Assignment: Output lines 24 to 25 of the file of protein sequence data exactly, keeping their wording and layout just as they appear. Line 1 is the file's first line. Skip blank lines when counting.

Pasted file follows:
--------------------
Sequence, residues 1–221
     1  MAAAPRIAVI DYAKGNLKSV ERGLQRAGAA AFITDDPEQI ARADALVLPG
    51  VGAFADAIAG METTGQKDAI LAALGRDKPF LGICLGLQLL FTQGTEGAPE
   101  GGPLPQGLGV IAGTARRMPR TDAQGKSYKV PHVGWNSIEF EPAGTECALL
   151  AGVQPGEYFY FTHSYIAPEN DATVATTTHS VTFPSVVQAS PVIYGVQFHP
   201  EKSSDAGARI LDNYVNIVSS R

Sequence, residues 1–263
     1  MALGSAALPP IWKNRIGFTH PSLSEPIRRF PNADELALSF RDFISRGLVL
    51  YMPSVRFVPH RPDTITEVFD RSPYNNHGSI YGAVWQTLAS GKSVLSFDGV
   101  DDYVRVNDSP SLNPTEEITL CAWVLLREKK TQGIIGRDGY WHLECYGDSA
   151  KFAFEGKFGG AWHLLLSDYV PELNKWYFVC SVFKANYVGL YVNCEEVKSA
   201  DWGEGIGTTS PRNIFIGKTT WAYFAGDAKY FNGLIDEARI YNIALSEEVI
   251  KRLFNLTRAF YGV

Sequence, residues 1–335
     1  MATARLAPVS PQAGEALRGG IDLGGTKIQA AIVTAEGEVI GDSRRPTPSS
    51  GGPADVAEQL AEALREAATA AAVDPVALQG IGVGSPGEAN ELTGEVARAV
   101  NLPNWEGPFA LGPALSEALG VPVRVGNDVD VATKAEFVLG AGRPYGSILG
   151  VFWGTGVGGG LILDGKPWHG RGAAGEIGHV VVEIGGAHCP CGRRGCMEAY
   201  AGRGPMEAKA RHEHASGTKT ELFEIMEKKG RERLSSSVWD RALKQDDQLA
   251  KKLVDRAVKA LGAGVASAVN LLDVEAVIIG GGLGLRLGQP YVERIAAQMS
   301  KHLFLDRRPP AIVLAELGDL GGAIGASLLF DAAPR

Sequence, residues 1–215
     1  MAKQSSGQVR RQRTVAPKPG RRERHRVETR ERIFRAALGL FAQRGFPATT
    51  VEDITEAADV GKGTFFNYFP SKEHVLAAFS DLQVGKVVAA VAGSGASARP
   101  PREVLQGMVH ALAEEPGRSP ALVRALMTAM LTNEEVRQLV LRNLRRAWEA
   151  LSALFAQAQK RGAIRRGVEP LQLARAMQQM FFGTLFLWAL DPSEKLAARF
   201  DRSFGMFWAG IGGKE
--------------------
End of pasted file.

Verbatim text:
    51  VEDITEAADV GKGTFFNYFP SKEHVLAAFS DLQVGKVVAA VAGSGASARP
   101  PREVLQGMVH ALAEEPGRSP ALVRALMTAM LTNEEVRQLV LRNLRRAWEA